20200
P
1
20100
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2070
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2050
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2040
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2020
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7

Everything happens somewhere

“The gap between what local and national audiences want to read will continue to shrink, as digital news outlets get better at spelling out the context that allows more readers to connect.”

Prediction: The gap between what local and national audiences want to read will continue to shrink, as digital news outlets get better at spelling out the context that allows more readers to connect.

Readers, regardless of location, want to find themselves in a story. By explaining how a local story fits in larger context (national, global, historical, etc.), we not only help a national audience understand the importance of the material — we do the same thing for the local audience. What a national audience might find astounding, a local audience may be shocked to discover is not business-as-usual for everyone.

Providing this context will almost certainly require extra reporting, but adding this type of information will improve the journalism and fuel impact. And once you have the facts, presenting them to a national readership doesn’t always have to be difficult. In my experience, adding or — more often — removing a few words along with giving a bit of extra thought to digital headlines can be the difference between communication and confusion.

Two examples from 2019 stand out to me, both from ProPublica’s Local Reporting Network. Both investigations were intensely local. One focused on the specific mechanisms by which wealthy Connecticut towns keep their housing — and their populations — segregated. The other was a series of articles about the sexual assault crisis in rural Alaska, a situation compounded by a profound lack of law enforcement resources.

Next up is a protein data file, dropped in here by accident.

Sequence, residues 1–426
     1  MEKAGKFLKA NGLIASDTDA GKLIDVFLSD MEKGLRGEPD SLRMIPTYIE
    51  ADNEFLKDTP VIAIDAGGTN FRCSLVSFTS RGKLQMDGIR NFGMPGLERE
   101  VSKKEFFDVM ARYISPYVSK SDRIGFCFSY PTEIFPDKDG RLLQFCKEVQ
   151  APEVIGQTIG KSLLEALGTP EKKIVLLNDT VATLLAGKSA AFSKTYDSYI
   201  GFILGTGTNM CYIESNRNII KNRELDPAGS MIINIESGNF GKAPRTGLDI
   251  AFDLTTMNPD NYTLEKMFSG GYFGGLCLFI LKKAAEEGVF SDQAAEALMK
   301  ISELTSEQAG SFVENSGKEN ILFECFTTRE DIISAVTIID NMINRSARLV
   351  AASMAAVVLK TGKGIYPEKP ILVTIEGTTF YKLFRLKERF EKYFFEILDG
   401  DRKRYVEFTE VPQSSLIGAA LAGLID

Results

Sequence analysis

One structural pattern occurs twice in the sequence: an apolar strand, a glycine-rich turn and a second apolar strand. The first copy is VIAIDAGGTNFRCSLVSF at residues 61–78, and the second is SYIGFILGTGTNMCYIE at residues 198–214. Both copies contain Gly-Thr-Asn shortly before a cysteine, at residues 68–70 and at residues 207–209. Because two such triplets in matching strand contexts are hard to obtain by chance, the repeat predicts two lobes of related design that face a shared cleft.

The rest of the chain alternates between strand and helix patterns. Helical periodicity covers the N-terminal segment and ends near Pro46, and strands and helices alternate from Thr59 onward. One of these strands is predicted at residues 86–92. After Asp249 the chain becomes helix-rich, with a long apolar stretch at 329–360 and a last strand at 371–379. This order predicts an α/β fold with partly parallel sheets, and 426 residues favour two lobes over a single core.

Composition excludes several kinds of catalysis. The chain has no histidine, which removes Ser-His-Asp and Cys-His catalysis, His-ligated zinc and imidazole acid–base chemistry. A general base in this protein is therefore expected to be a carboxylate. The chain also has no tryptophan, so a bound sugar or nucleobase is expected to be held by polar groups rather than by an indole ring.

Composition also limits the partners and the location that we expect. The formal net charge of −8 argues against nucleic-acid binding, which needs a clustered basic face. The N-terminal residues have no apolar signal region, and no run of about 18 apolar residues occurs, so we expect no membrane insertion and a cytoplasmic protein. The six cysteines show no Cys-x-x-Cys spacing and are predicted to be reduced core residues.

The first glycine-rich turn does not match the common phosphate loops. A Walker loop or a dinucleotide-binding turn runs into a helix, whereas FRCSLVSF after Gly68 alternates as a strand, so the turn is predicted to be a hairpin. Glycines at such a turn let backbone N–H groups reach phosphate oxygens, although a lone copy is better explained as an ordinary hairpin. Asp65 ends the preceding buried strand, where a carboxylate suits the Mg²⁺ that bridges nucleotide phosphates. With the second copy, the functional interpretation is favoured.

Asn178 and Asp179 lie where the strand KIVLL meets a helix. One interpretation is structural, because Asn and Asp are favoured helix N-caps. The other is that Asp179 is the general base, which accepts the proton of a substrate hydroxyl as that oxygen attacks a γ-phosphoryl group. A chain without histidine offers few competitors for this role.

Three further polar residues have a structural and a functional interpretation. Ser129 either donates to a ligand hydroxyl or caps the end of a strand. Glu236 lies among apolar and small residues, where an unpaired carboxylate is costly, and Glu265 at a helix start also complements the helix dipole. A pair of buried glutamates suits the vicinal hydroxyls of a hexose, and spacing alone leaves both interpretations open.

Each of these stories is of primary interest to the residents of those states. But to read these deeply reported stories is to discover the universal themes within them. The challenge for ProPublica was to express those ideas as clearly and elegantly as we could.

With that goal in mind, in partnership with the Anchorage Daily News, we titled Kyle Hopkins’ first piece “The small village where sex offenders outnumber the cops 7 to 1.” No matter where you live and no matter who you are, you understand immediately that such a village should not exist.

The story drew over 2 million views on Apple News alone. Alaska has a population of 737,438. After the piece ran, U.S. Attorney General William Barr traveled to Alaska and declared the law enforcement crisis a public safety emergency.

For the Connecticut Mirror partnership, we chose to title the story “Separated by design: how some of America’s richest towns fight affordable housing.” With this headline we aimed to confirm what most house-hunters already suspect — the local governments of rich towns are actively using their powers to keep prices high — and working-class people out. Connecticut, a state with some of the most severe income inequality in the nation, was not just the focus of the piece but also the best place to tell a bigger story about an issue that affects most Americans.

An abridged (but still very clear) version of this headline (“Separation by Design”) ran on front pages all over Connecticut. The longer version also drew more than 2 million views on Apple News.